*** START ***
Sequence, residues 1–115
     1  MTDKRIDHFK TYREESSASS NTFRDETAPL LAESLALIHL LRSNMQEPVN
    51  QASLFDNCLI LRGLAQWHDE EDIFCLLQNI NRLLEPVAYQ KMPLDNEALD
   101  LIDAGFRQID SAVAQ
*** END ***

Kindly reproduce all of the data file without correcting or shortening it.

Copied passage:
Sequence, residues 1–115
     1  MTDKRIDHFK TYREESSASS NTFRDETAPL LAESLALIHL LRSNMQEPVN
    51  QASLFDNCLI LRGLAQWHDE EDIFCLLQNI NRLLEPVAYQ KMPLDNEALD
   101  LIDAGFRQID SAVAQ